Honda CR-V Review logo

Honda CR-V Review

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heycar review

      Launch year
      2018
      Body type
      Crossover
      Fuel type
      Petrol, Hybrid
Andy Brady

Written by

Andy Brady

00/10
heycar rating
“Practical and comfortable. No diesel”

Best bits

  • Extremely comfortable SUV
  • Spacious interior
  • Hybrid model is very refined

Not so great

  • Seven-seat CR-V isn’t as practical as you might expect
  • No diesel option
  • Dated infotainment lets it down

Read by

Honda CR-V 2018 frontright exterior

Overall verdict

Honda CR-V 2018 front interior

On the inside

Honda CR-V 2018 frontright exterior

Driving

Honda CR-V 2018 central console

How much does it cost to run

Honda CR-V 2018 boot open

Prices, versions and specification

Overall verdict

"The Honda CR-V is an utterly dependable SUV that’ll tick a lot of boxes for a lot of buyers. We like how comfortable it is, while there’s enough space for most families (providing you don’t actually need to use seven seats regularly). The lack of a diesel engine limits its market quite significantly, but the petrol and hybrid offerings are pretty good."

Honda CR-V 2018 frontright exterior

If you’re looking for a sensible family car, you’d be hard pushed to beat the Honda CR-V. Its a practical SUV, with a comfortable cabin and up to seven seats. Unfortunately, a lack of a diesel engine means it won’t be for everyone - but the hybrid alternative is extremely refined and fairly efficient.


Honda tried to move the CR-V upmarket when its latest model arrived in 2018. That means a new one will be a bit more expensive than its predecessor, although there are some good nearly-new deals available.


It also means the interior is considerably plusher than before. The seats in particular are of note - they’re very comfortable and supportive, making the CR-V a brilliant long-distance companion. It’s a shame the infotainment isn’t as good as you’d find in a Volkswagen Tiguan Allspace, for example, but that shouldn’t be enough to put you off the CR-V entirely.


For the first time, the CR-V is offered with seven seats. We’d recommend sticking with a five-seater, though, for a number of reasons. For a start, the third row of seats are very cramped and really only suitable for children (who’ll soon get bored once the novelty of travelling in the boot has worn off).


They also hinder boot space. Even with them dropped flat, the seven-seat CR-V’s boot isn’t as big as the five-seat model. And when they’re in use, there’s hardly any space for anything other than a shopping bag or two.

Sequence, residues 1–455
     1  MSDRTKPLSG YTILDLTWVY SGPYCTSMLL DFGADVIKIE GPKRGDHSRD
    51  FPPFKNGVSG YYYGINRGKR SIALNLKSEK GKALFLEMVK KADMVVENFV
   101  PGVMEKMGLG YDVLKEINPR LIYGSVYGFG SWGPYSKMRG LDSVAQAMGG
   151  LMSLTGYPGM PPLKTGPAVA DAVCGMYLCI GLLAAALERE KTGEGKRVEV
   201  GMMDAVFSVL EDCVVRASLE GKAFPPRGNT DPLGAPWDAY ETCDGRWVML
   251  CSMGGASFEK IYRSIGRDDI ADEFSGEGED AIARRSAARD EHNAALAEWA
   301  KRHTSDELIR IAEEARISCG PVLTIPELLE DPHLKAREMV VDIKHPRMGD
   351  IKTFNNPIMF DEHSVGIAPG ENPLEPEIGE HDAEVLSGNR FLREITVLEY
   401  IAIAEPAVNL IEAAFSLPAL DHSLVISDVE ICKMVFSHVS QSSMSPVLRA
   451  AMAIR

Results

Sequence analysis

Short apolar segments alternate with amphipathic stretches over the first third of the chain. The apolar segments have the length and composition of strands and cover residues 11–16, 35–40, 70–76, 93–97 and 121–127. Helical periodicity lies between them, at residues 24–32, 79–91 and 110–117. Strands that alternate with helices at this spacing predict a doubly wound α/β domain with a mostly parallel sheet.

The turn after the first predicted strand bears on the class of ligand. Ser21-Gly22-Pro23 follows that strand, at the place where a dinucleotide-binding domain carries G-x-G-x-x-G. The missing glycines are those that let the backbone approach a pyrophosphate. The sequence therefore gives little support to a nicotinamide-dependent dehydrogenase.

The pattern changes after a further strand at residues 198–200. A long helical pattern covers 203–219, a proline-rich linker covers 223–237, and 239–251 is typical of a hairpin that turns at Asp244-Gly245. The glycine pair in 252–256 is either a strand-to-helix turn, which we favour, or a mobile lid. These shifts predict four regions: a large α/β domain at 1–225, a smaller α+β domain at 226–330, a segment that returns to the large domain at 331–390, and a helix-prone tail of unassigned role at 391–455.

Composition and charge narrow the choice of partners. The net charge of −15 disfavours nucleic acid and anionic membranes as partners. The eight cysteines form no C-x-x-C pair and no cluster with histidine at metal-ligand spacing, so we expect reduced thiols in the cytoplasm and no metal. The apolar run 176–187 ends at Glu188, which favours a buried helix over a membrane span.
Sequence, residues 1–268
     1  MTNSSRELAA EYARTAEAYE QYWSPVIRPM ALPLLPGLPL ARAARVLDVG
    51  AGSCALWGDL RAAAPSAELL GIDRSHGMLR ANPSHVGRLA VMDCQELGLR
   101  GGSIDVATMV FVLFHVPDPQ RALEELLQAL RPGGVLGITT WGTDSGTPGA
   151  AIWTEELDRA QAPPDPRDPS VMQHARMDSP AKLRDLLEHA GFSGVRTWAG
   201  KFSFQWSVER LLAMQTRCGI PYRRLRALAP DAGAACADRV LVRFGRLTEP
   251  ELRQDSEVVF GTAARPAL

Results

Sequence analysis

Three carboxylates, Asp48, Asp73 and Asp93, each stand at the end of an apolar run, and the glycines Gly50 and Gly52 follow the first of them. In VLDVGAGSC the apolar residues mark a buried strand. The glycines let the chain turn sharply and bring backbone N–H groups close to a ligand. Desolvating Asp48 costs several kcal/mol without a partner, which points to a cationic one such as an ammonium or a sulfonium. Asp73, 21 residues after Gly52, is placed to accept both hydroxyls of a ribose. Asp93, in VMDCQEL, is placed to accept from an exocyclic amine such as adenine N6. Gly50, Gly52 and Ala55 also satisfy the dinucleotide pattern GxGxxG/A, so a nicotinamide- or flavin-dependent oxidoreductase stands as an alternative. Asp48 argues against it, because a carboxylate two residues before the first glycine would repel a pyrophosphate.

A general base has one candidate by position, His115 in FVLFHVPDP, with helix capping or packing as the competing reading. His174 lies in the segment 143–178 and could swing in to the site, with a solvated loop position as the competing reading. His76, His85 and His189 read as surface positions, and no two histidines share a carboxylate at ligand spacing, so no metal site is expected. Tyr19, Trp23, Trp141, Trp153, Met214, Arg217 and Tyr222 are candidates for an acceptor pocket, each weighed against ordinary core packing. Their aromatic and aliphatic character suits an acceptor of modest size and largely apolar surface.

Honda offers two engines in the CR-V: a 1.5-litre petrol and a 2.0-litre hybrid. The 1.5-litre is fine, especially if you look for one with the CVT automatic gearbox that removes the need to change gears yourself.


The 2.0-litre hybrid is the one to go for, though. It’s only available with five seats (another reason to avoid seven-seat models) and comes with the CVT transmission as standard. It’s also available with front- or four-wheel-drive, with the latter not impacting fuel economy as much as you might think.


Once you’ve decided which engine you’d like, there are four different trim levels available. We’d avoid the entry-level S model (it’s very basic), but the rest of the range is fairly well equipped. The SEs come with desirable features like 18-inch alloy wheels, a rear-view camera and the seven-inch navigation system (with Apple CarPlay and Android Auto).


The high-spec SR adds luxurious leather seats, ambient interior lighting and privacy class, as well as some useful extra safety systems. Topping the range is the CR-V EX, with 19-inch alloy wheels, a panoramic glass sunroof and a heated steering wheel.


There’s the usual lengthy list of safety equipment on the CR-V. That’s a good thing for a family SUV. These include things like lane assist, autonomous emergency braking and Isofix child seat mounting points - all standard across the range, contributing to a five-star Euro NCAP safety rating.


Honda’s limited its market by not selling the CR-V with a diesel engine. But if it works for you, it’s a very practical SUV that’ll be fairly cheap to run and should be an extremely dependable choice. It’s a very easy car to recommend in a very crowded marketplace.


If you're looking for the older version, you need our Honda CR-V (2012-2018) review.

Is the Honda CR-V right for you?

If you’re not fussed about a diesel engine and don’t need to use seven seats regularly, the Honda CR-V is an extremely practical and comfortable choice. We like how refined hybrid models are, and it represents good value for money on the used market (even if it is a bit pricey when new).

What’s the best Honda CR-V model/engine to choose?

Go for the hybrid model if you can, while deciding between two- or four-wheel-drive is down to your individual requirements. We’d suggest mid-level SE or SR trims represent the best value for money.

What other cars are similar to the Honda CR-V?

The Toyota RAV4 is the Honda CR-V’s arch-nemesis, also combining impressive practicality with hybrid power and a reputation for reliability. You could also consider a wide range of SUVs such as the Skoda Kodiaq, SEAT Tarraco, Volkswagen Tiguan Allspace, Peugeot 5008 and Mazda CX-5.

Learn more

Honda CR-V 2018 front interior

On the inside

Honda CR-V 2018 frontright exterior

Driving

Honda CR-V 2018 central console

How much does it cost to run

Honda CR-V 2018 boot open

Prices, versions and specification